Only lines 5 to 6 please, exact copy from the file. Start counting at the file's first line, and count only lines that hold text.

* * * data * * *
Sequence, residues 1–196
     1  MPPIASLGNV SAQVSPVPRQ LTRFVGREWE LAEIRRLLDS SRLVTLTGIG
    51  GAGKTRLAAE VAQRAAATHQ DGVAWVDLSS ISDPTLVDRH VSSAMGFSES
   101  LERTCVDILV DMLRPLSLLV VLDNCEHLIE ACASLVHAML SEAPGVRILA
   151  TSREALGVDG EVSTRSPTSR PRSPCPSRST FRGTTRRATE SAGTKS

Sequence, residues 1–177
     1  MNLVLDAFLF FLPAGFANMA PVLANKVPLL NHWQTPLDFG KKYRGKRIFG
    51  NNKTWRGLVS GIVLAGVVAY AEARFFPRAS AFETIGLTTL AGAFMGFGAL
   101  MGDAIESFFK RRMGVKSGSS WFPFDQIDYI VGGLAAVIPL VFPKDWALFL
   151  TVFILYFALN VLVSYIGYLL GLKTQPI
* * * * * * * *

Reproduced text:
   151  TSREALGVDG EVSTRSPTSR PRSPCPSRST FRGTTRRATE SAGTKS

Sequence, residues 1–177